- Writer, Penciler, Colorist: Jim Starlin
- Inker: Jaime Jameson
- Letterer: Dave Lanphear (of A Larger World Studios)
- Book Design & Layout: Phil Smith
Thanks to Paul Christensen with PAL Public Relations for the review copy!
Thanos. Gamora. Drax. The Infinity Gauntlet. If you have enjoyed the Marvel Cinematic Universe (or the comics), you can thank Jim Starlin for his creations. Now, after a long layoff, Starlin revisits one of his other creations – Vanth Dreadstar in a 100 page graphic novel.
While it is clear within the first few pages (and the fact that the title includes “returns” in it) that the story is set in an established universe, you do not need to be familiar with the prior stories to enjoy this one (though there is also a DREADSTAR GUIDEBOOK available if you really want to dig into the history). The volume helpfully provides a spread at the beginning introducing all the characters and Starlin effectively weaves in enough introduction/exposition without overdoing it. Like a movie, the story starts with a mini-scene establishing the Dreadstar character before launching into the main plot (and I’m guessing this scene will get some notoriety for the uncanny resemblance one of the characters in the scene has to a certain former president).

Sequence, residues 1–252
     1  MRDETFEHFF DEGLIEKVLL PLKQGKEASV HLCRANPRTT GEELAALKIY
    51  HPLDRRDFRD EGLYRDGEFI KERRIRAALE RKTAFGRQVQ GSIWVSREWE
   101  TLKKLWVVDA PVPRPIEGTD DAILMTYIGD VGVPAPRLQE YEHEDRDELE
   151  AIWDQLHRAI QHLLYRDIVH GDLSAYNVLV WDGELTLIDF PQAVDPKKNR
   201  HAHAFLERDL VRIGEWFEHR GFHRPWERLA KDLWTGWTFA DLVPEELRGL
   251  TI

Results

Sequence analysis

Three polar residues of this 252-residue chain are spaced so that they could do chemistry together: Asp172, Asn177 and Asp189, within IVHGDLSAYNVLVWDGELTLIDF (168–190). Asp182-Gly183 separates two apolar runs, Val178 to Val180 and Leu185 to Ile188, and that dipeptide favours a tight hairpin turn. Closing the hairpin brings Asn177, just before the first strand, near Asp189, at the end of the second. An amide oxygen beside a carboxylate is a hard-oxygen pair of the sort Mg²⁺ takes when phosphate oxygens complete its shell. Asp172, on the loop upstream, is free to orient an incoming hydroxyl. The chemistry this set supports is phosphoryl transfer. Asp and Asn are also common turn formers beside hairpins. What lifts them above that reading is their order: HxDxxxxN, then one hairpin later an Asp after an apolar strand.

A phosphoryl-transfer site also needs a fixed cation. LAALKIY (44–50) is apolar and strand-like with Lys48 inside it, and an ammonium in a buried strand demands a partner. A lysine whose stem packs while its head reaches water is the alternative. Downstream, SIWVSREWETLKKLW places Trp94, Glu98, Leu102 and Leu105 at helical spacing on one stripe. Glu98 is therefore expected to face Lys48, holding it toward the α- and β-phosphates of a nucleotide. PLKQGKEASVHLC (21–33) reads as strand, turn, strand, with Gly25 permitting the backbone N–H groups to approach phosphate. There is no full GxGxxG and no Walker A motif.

DREADSTAR RETURNS is a space opera in which a team of good guys has to save the universe. In addition to Dreadstar himself, the story is populated with some creative characters, my favorite being a cat guy. The fact that few of the characters are human gives Starlin a chance to really give each character a unique design. This book is full of visually arresting panels from two page splash pages to trippy panels that feel like a throwback to classic cosmic stories. There is a real fluidity of movement that makes it easy to follow the action sequences. The art and coloring feels classic, fitting in with Starlin’s prior work, while staying fresh.
DREADSTAR RETURNS is a space opera that strikes a great balance of action, humor, and big sci-fi ideas. Not having read Dreadstar previously, I was able to enjoy the story. But the fact that I’m now interested in going back and reading his prior stories shows this volume is a good introduction to the character. There is a small amount of cursing and some mostly comic-book violence (the one exception that comes to mind is a beheading), so parents might want to give the book a quick read before giving it to their young children.
Be sure to check out the interview I did with Jim and Jaime about the title, their previous work, and a lot more!
DREADSTAR RETURNS is now available for pre-order here.